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Re: S.B. 165 Trial Hunting Authorization (Sen. Okerlund, R.)

Postby bagpiper » Fri 21 Feb 2014 2:41 pm

So do we need to oppose constitutional carry since the lack of mandatory training would be sure to lead to an excess of accidents and the eventual public demand to end RKBA?

We are all very much in favor of education and training. I, for one, am opposed to mandatory training. Doubly so for anything connected to RKBA.

While the 2nd Amd has very little to do with hunting, at the time it was written and adopted I'll bet you'd have been hard pressed to find anyone who didn't consider hunting a 10th amendment right. A lot of our people had emigrated from England and Europe to escape oppressive laws including the notion that the state (eg the "Crown") owned all wildlife and thus commoners could only hunt with permission from the government.

I get it. With population growth and the loss of habitat, some regulations were required to preserve hunting opportunities for everyone. But lets not go farther down that road than needed.

I took Hunter Safety over 30 years ago as a Boy Scout. It included nothing about dressing out a deer or any other animal. It lightly discussed hunting ethics, but that is something that really has to be engrained by family or larger culture. It was about basic safety when hunting. But I haven't gone hunting in ages. I consider that a moral failing on my part. But it is true. I haven't filled a tag in decades, only purchased a couple in that time. What good is that training I took 30 years ago? Maybe we should require regular refresher courses? Maybe we should require those born before 1950 to take the course. :nilly:

We are not even talking about eliminating training. We're talking about allowing some kids to go with a responsible adult without first making them sit through a class for which they have very little motivation before going hunting. Frankly, I think letting them get out in the field might increase their attention when they come back and take the class.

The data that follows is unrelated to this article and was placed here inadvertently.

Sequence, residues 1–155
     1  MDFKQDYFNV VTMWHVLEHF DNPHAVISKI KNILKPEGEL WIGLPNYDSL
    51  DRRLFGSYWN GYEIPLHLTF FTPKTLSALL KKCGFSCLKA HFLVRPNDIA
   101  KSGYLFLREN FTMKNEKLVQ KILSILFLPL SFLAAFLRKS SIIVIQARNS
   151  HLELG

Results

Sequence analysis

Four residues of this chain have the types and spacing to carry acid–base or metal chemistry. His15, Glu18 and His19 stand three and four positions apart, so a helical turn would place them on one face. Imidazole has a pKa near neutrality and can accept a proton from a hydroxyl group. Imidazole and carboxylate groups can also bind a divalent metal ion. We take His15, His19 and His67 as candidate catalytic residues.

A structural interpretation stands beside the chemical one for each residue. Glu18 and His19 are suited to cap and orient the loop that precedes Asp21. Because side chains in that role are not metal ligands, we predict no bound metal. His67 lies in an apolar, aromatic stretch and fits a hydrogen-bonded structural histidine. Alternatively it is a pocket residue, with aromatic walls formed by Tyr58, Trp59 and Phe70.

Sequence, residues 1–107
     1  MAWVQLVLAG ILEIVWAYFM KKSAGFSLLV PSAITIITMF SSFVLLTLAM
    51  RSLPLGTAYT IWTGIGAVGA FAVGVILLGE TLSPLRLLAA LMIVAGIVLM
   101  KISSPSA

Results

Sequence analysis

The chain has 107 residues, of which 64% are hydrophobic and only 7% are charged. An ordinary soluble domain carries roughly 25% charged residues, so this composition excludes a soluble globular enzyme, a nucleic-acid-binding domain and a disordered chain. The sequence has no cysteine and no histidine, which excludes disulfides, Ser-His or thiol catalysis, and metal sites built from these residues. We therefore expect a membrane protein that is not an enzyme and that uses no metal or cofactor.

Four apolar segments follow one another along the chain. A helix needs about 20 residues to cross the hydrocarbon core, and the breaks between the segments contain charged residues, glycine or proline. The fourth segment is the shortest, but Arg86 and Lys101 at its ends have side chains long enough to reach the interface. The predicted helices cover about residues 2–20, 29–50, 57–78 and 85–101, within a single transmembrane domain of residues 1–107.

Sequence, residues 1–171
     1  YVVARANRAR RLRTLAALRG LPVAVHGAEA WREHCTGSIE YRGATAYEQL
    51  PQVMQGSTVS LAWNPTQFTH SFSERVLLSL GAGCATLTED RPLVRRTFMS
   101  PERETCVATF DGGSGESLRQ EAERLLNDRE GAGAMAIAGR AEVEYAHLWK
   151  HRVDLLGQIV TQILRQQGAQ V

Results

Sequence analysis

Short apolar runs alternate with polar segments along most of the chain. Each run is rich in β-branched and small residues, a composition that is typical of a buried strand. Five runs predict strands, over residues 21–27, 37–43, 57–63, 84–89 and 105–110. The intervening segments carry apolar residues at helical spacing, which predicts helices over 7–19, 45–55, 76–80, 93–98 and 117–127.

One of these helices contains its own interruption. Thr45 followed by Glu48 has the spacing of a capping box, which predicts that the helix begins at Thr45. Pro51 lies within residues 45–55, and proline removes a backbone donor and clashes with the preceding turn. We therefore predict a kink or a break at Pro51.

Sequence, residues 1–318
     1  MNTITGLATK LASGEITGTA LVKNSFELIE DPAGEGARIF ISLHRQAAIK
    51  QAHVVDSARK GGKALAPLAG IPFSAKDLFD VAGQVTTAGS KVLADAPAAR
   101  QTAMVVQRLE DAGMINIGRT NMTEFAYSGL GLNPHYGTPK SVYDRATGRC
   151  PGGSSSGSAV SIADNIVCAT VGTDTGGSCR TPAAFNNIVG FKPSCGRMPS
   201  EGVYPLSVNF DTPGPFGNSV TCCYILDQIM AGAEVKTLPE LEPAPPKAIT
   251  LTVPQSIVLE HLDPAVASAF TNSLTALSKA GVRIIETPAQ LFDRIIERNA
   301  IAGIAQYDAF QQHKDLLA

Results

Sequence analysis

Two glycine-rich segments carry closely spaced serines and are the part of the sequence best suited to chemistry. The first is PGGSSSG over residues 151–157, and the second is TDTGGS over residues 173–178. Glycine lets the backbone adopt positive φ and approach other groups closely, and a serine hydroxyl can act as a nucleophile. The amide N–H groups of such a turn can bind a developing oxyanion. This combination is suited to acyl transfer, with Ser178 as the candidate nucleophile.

I thought this group was all about "more freedom." :dunno:

Well, if nothing else, I sure don't want any crap from anyone the next time Utah's alcohol or marriage laws come up and I defend current laws rather than adopting the libertine position. :D

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Re: S.B. 165 Trial Hunting Authorization (Sen. Okerlund, R.)

Postby gravedancer » Fri 21 Feb 2014 4:48 pm

DaKnife wrote:But why? Why not just take the course and get your blue card? What is the benefit to me as a hunter who has taken the course? What is the benefit of allowing someone who has not taken the course to hunt? We seem to be so worried about getting new hunters interested but the current hunt quality's of the general hunts are driving hunters away. How about we address hunt quality for those who are getting their blue cards. I don't know anyone who has been prevented from hunting because of the lack of this law.


I have been.

I used to hunt every year, prior to moving to Utah 6 years ago. Havent been hunting since, mostly because of the huge pain in the arse that is involved in getting hunter safety done. And admittedly, at least partially due to me being insulted by the requirement that I get the so called "blue card" in order to be able to hunt here, when I never had to have one to hunt anywhere else in my 40+ years of life.
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Re: S.B. 165 Trial Hunting Authorization (Sen. Okerlund, R.)

Postby DaKnife » Fri 21 Feb 2014 5:48 pm